When NASA's Aqua satellite passed over Tropical Depression Khanun on July 15, infrared data revealed some high, strong thunderstorms that hinted the cyclone would intensify. On July 16 Khanun had indeed become a tropical storm.
NASA's Aqua satellite flew over Khanun on July 15, 2012 at 1635 UTC (12:35 p.m. EDT) when it was a tropical depression. At that time the Atmospheric Infrared Sounder (AIRS) instrument onboard measured Khanun's cloud top temperatures. The storm's coldest cloud top temperatures were as cold as or colder than -63 Fahrenheit (-52 Celsius), indicating strong thunderstorms with the potential for heavy rainfall. AIRS data also revealed that the area of strongest thunderstorms were becoming more organized, indicating that the tropical depression could strengthen into a tropical storm.
On July 16 at 1500 UTC (11 a.m. EDT), Khanun had become a tropical storm when maximum sustained winds reached 35 knots (40 mph/64.8 kmh). At that time Khanun was centered about 370 nautical miles (425.8 miles/685.2 km) east of Kadena Air Base, Okinawa, Japan, near 25.4 North and 133.6 East. Khanun is moving to the west-northwest near 17 knots (19.5 mph/31.4 kmh).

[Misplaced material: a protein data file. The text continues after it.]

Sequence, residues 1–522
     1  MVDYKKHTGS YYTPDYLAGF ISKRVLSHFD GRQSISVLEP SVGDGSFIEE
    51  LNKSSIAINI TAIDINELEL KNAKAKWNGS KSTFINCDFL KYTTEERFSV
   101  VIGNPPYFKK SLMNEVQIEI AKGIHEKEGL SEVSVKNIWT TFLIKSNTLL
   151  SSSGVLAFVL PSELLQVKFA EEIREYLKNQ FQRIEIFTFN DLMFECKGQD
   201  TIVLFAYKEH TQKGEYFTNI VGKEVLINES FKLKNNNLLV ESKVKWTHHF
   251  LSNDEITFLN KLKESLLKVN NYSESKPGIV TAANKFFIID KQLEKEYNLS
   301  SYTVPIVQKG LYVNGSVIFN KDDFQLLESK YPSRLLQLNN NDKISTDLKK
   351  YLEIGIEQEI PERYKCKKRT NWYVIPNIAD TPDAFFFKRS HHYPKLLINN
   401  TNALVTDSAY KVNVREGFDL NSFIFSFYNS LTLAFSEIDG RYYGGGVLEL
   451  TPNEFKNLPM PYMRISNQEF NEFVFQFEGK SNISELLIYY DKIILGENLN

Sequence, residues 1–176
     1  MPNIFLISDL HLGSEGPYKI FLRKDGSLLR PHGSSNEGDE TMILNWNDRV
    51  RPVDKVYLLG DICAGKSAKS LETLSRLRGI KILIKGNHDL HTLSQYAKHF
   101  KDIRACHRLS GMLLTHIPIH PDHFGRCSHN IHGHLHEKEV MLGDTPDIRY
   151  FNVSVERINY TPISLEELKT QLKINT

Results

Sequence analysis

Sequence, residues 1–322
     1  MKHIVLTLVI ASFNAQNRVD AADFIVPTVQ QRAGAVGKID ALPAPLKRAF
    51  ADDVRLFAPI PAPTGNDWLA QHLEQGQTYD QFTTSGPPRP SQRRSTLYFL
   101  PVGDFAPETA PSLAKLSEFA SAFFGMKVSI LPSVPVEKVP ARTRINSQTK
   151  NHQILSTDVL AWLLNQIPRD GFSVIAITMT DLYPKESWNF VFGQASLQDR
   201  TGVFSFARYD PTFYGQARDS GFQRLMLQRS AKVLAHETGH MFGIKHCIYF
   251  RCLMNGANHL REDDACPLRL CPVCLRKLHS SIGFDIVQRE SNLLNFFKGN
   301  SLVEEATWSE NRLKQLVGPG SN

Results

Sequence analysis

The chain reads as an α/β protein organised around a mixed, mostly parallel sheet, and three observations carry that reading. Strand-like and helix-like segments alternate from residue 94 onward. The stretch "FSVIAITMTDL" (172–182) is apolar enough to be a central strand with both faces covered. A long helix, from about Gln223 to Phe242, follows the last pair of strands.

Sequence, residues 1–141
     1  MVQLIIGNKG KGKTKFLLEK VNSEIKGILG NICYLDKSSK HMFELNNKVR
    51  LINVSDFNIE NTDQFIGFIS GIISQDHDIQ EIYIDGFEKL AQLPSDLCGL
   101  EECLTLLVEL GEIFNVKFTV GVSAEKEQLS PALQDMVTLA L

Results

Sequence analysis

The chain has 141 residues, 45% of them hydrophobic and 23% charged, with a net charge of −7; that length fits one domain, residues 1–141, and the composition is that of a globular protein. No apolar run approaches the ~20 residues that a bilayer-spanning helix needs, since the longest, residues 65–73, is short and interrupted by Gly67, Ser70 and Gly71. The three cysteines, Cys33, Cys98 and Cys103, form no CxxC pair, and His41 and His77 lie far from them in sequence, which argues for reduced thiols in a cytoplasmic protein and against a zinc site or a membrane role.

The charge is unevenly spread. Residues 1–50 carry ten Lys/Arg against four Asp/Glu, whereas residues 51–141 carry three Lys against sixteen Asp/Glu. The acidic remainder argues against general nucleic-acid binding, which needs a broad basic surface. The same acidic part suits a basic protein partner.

Infrared data on July 16 showed the Khanun continued to consolidate and had a larger area of stronger central convection (rising air that forms the thunderstorms that make up the tropical cyclone), so the system is getting more organized and stronger. Khanun is currently in an area where wind shear is weak allowing for more strengthening.
The Joint Typhoon Warning Center expects Khanun to begin curving to the northwest and passing north of Kadena Air Base on its way to a landfall in South Korea later this week. Khanun is following the periphery of a north-south oriented sub-tropical ridge (elongated area) of high pressure building up south of Honshu. Khanun is expected to make landfall as a tropical storm in South Korea in a few days.
Explore further: Coral reveals long-term link between Pacific winds, global climate